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INDIA : Mango supply can't meet demand




























TNN | Mar 20, 2015, 02.18 AM IST






PUNE: The Hindu new year, Gudi Padwa, is just around the corner but the famed and much-loved alphonso mangoes are missing from the shelves.










Unseasonal rain has hit the agriculture output badly and mangoes are no exception. Traders say the shortage of alphonso mangoes has reached 60%, but the prices have almost doubled.




With exports to the European Union starting in April, the supply may dip by almost 70%, said a trader.




Ratnagiri-based grower Mandar Desai said that though mangoes are arriving, the fully riped ones, which can be used immediately for Gudi Padwa, are in short supply. "Unseasonal rain and high demand for festival are responsible for the crisis. Last Padwa, a dozen of ready-to-eat alphonsos cost anything between Rs 600 and Rs 900. This year, it is sold for Rs 1,000-Rs 1,800," said Desai.





The prices generally drop by April first week as fresh stocks arrive. But this year it may hover around Rs 600-Rs 900 per dozen. 



Last year, the cost was around Rs 400 to Rs 600. "Alphonso supply may be 30-35% less this year," added Desai.




Nishant Sawant, a grower from Konkan, said the supply could drop by half this year. "Not just the rain, but the re-flowering from December till January due to sudden weather changes has also affected the crop," he said.


Sawant said the sudden changes in weather and its consequent effect on mangoes are perhaps the first he has seen as a grower in the last 15 years. "Though such changes happen in a long cycle, the severity this time is extreme. So much so that my production has come down by 50% - from 3,000 parcels I supply each year to 1,500," said Sawant, pegging the current shortage of alphonso in the market at 60%. He said that instead of harvesting the crop daily (as he would every year), he now does it twice or thrice a week.




For growers from Konkan, the region known for alphonso mangoes, the production may come down by about 70%. "Only 20% to 30% produce is left across Konkan, especially in Ratnagiri, Sindhudurg and Raigad. The variation in temperature that started around December 20 not only caused double flowering but an increase in male flowers, which affects the output," said Vivek Bhide, a grower and exporter. 



The yield is so low that Bhide has decided not to export mangoes this year.






Nathsaheb Parashram Khaire, a fruit commission agent in Gultekdi, said the city is receiving close to 1,000 boxes (each box contains four to seven dozen mangoes) a day as against 2,000 boxes it used to get last year during this period. "The Kesar variety, which comes from Gujarat, may also be short by 30-40% this year due to unseasonal rain there," he said.






http://timesofindia.indiatimes.com/city/pune/Mango-supply-cant-meet-demand/articleshow/46628234.cms



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In alphabetical order by Country....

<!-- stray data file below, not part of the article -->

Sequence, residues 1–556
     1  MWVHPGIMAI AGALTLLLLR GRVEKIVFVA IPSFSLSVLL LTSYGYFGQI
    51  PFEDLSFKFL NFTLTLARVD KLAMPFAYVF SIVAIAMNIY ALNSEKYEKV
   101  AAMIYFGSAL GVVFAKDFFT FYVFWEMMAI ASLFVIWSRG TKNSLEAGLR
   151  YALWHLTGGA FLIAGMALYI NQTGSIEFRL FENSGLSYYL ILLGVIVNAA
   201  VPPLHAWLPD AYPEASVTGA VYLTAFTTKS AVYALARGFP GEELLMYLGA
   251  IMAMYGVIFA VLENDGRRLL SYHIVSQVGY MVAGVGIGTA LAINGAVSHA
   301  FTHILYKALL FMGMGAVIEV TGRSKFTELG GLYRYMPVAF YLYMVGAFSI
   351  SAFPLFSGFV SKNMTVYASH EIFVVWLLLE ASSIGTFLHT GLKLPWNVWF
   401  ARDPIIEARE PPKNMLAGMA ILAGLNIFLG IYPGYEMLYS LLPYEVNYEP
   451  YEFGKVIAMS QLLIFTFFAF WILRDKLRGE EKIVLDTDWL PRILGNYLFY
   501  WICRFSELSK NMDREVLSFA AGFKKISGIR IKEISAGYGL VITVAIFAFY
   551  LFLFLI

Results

India




Alphonso





Alphonso (mango)
From Wikipedia, the free encyclopedia








Alphonso (हापुस Haapoos in Marathi, હાફુસ in Gujarati, ಆಪೂಸ್ Aapoos in Kannada) is a mango cultivar that is considered by many[who?] to be one of the best in terms of sweetness, richness and flavor. 


It has considerable shelf life of a week after it is ripe making it exportable. 

It is also one of the most expensive kinds of mango and is grown mainly in Kokan region of western India.

 It is in season April through May and the fruit wei…

Mangoes date back 65 million years according to research ...

Experts at the Birbal Sahni Institute of Palaeobotany (BSIP) here have traced the origin of mango to the hills of Meghalaya, India from a 65 million year-old fossil of a mango leaf. 





The earlier fossil records of mango (Mangifera indica) from the Northeast and elsewhere were 25 to 30 million years old. The 'carbonized leaf fossil' from Damalgiri area of Meghalaya hills, believed to be a mango tree from the peninsular India, was found by Dr R. C. Mehrotra, senior scientist, BSIP and his colleagues. 




After careful analysis of the fossil of the mango leaf and leaves of modern plants, the BISP scientist found many of the fossil leaf characters to be similar to mangifera.


An extensive study of the anatomy and morphology of several modern-day species of the genus mangifera with the fossil samples had reinforced the concept that its centre of origin is Northeast India, from where it spread into neighbouring areas, says Dr. Mehrotra. 




The genus is believed to have disseminated into neighb…

DHL (INDIA) makes gifting mangoes as easy as 1-2-3-....

Gifting mangoes is now easy with DHL
Announcement / Corporate


 May 19, 2011, 14:04 IST





Come this summer pamper your loved ones abroad with a box of delicious mangoes through DHL’s Express Easy Mango service, a unique one-stop-shop and hassle-free service for gifting mangoes all across the world.






This unique service by DHL Express, the world’s leading express company, allows customers to send mangoes from India across the world to the following countries Belgium, Canada, Czech Republic, Germany, Greece, Hungary, Hong Kong, Italy, Luxemburg, Maldives, Netherlands, Norway, Oman, Qatar Singapore, Switzerland and Sweden.





Mangoes can be availed of free of cost by merely paying for the Air Express service. In addition, DHL Express assists customers with the necessary paperwork along with procurement of quality-grade Alphonso mangoes.





Commenting on the new service, Mr. R.S Subramanian, Country Head, DHL Express India said: “With the advent of the mango season, it is no wonder that DHL Express Ea…